NASA orders next SpaceX crew mission to International Space Station

The National Aeronautics and Space Administration (NASA) has given orders to launch a second ISS crew rotation mission from Elon Musk’s SpaceX. This step was announced on Friday when the agency felt the need to have more spacecraft to carry astronauts to and from International Space Station (ISS).

This latest move will reduce agency dependence on Russian Soyuz vehicles. The scientists are hopeful to sent astronaut regularly to the stars without costing the agency million of dollars. In contrast, a single ride with Roscosmos cost NASA million of dollars.

If launched successfully, it will be the fourth flight that the agency has ordered through its Commercial Crew Transportation Capability contracts. NASA ordered its first order in May and December of 2015 and SpaceX received its first order in November 2015.

Currently, it remains unclear as to when the Dragon Crew Capsule will fly. But to increase research opportunities in space, the agency has partnered with Boeing and SpaceX to build a new generation of human-rated spacecraft. The new spacecraft will be capable of taking astronauts to space and back to the earth. Both the companies are doing everything in their power to not only carry out their first flight but to also accomplish this mission at the minimum cost.

Talking about this latest move Julie Robinson, NASA International Space Station chief scientists said,”Through this mission, we will be able to add seventh crew member to the space station which will give more time to conduct research.”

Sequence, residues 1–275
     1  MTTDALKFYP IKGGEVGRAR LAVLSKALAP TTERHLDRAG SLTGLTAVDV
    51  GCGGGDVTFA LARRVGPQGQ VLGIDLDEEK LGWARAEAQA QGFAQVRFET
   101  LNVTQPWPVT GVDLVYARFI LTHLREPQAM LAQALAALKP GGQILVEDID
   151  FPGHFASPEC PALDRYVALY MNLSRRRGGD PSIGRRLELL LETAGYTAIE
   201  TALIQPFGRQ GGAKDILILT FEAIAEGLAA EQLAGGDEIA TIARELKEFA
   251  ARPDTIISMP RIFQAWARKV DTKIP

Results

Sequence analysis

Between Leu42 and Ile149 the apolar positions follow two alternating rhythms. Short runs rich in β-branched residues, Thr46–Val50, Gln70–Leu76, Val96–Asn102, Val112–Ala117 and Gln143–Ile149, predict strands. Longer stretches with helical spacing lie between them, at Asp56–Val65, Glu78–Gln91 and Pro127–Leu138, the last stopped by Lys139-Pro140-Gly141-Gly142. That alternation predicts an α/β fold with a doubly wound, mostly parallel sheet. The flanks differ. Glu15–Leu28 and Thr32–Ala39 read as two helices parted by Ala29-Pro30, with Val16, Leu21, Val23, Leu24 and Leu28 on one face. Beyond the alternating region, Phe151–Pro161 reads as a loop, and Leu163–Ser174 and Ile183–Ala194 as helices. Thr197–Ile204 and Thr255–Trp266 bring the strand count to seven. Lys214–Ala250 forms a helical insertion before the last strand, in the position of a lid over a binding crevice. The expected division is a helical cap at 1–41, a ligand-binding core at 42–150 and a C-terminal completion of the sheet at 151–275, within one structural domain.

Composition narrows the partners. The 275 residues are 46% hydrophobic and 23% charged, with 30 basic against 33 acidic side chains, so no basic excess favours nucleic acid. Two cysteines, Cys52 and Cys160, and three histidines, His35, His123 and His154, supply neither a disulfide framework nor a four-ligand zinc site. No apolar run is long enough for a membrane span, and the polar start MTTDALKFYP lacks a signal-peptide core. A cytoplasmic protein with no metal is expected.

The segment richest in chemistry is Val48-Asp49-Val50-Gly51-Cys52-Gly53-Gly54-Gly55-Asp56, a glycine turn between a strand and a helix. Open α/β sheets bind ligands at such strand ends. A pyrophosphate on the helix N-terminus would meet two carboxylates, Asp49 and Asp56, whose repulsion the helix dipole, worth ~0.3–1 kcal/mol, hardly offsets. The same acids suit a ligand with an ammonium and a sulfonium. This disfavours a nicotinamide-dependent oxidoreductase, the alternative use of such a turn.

NASA has scheduled the first of the CCP mission in the year 2017. For now, it remains unclear as to whether SpaceX or Boeing will perform this mission. The current contract gives the option to the agency to include four additional spacecraft from each company.

For now, information is coming that the CST-100 will be launched from pad 41 at the Cape Canaveral Air Force Station. The Dragon Capsule will be fired by SpaceX into the orbit using the company’s Falcon 9 booster.

Currently, the agency has to pay more than $80 million a seat to fly one single person into Space. But the CST-100 and Crew Dragon will not only decrease the cost of the transportation but promises to carry four-person crews to the lab complex.

The US spacecraft will also end NASA sole reliance on Russia for transportation. The agency will still fly astronaut aboard the Soyuz along with cosmonauts flying with CST-100 and New Dragon.